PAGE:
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Charleston church shooter Dylann Roof's gun buy not government's fault, feds argue

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Dylann Roof's gun (copy) (copy) (copy)

Dylann Roof's pistol sits on the backseat of his car after his arrest for the Emanuel AME Church shooting in June 2015. The 4th U.S. Circuit Court of Appeals has breathed new life into a lawsuit against the federal government for failures that allowed the convicted killer to purchase a firearm. Provided

A three-judge panel that determined the Emanuel AME Church shooting survivors can sue the federal government should be reheard by the full 4th U.S. Circuit of Appeals, federal attorneys argued in a petition filed Thursday.

The panel's August decision — that the 16 lawsuits seeking damages for the costs and pain they suffered as a result of Dylann Roof's 2015 attack could proceed — departs from judicial precedence, the government said, and would cripple federal operations that can't assume responsibility for the possible lapses in their work.

In August, the Court of Appeals panel overturned a 2018 dismissal of the 16 survivors' and victims' lawsuits, saying that while the Brady Handgun Violence Prevention Act, which established the federal background check system, can protect individual employees from the system's faults, it can't absolve the government of responsibility.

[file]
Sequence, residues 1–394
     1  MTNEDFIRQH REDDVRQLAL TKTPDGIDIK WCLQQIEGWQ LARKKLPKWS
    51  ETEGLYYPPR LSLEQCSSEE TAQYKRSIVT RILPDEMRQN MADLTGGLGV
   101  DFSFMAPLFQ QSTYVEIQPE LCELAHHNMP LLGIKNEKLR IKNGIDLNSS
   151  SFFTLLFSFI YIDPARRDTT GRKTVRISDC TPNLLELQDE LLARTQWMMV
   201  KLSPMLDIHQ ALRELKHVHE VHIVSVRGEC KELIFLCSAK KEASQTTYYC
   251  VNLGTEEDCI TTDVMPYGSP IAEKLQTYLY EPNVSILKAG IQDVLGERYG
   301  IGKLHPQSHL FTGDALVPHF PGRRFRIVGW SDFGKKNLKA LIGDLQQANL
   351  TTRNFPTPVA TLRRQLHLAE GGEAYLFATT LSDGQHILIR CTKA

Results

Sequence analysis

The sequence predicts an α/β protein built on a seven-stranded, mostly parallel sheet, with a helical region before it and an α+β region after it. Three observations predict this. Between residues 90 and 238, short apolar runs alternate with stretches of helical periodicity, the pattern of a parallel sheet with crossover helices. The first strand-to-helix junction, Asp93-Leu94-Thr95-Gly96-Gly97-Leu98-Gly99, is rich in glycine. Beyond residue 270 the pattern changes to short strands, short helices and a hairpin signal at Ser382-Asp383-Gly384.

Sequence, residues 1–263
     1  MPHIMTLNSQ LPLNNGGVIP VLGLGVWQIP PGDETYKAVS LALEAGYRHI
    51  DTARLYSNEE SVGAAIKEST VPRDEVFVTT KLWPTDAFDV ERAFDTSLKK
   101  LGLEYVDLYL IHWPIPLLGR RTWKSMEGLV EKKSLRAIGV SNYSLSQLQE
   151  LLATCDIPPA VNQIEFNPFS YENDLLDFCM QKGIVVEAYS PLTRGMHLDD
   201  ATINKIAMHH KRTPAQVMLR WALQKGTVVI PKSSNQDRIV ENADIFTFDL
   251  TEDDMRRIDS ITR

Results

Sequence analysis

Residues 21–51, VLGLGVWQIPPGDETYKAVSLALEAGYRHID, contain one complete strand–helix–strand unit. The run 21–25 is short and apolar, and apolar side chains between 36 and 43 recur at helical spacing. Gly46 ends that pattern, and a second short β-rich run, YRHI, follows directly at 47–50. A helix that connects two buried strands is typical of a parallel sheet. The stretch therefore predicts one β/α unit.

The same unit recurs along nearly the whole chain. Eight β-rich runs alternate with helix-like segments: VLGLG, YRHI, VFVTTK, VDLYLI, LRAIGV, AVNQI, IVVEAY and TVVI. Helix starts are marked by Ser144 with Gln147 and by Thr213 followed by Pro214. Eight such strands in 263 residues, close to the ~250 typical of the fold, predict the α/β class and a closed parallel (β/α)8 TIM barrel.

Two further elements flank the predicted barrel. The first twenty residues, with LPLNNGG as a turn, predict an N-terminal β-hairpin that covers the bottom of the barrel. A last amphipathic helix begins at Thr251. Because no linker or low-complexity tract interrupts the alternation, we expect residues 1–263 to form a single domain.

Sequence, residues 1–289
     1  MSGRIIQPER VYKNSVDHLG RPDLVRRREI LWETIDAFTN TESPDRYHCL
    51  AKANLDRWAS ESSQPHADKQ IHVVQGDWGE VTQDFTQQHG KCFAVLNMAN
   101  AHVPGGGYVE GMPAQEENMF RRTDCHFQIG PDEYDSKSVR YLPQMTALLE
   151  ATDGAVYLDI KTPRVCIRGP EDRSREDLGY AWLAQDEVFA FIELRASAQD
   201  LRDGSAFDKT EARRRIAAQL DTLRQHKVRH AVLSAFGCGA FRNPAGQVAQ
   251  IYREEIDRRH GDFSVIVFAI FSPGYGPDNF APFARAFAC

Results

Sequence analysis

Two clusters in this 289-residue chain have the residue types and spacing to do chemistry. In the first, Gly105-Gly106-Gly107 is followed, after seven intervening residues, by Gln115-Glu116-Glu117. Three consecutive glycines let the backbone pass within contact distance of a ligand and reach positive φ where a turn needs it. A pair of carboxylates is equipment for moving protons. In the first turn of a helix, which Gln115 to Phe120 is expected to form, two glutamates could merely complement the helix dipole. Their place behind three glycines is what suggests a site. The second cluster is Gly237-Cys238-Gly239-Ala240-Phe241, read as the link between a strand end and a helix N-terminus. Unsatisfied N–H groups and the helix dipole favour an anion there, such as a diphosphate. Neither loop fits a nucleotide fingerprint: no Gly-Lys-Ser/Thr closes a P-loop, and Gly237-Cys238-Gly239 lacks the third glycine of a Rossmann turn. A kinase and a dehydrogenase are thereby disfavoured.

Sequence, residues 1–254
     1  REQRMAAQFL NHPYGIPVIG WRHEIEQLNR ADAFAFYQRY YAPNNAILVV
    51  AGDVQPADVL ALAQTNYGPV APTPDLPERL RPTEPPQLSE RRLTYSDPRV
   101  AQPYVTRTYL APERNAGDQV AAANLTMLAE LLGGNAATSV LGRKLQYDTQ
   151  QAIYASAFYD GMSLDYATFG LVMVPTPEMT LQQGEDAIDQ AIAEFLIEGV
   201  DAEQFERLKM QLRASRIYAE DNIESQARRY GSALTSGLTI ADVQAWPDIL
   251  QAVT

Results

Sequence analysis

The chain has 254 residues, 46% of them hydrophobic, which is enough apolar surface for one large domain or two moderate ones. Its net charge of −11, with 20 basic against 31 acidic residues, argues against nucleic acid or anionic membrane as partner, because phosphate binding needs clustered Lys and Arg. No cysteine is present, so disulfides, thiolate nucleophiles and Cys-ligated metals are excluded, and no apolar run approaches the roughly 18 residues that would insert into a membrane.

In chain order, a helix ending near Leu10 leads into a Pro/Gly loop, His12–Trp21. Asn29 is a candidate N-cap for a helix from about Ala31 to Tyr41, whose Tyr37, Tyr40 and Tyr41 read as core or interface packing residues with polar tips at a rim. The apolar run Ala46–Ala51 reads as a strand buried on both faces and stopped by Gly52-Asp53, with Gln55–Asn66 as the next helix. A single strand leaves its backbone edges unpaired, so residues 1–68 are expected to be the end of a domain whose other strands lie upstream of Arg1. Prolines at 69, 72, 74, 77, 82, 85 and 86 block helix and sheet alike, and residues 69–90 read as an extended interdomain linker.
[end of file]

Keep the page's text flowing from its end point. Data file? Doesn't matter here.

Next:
The act could therefore shield the employee who, guided by incorrect information in the database, couldn't immediately find proper documentation of Roof's prior arrest and decided to wait for a solicitor's office to guide her to the reports that would have prevented Roof from buying the gun.

She could have continued digging for the documents, according to court documents, but standard operating procedures didn't outline a clear protocol for her to do so.

U.S. District Judge Richard Gergel called the FBI's system "nonsense" and "hopelessly stuck in 1995" but dismissed the lawsuits because the Brady Act that created the federal backgrounding system included a clause that absolved the government in cases where the system failed.

"The government's motion is a fairly routine filing," victims' attorney Mullins McLeod said. "It doesn't raise any additional arguments they haven't raised before."

A federal spokesman did not respond to requests for comment.

Nine worshippers were murdered in the June 2015 attack on the Charleston church.

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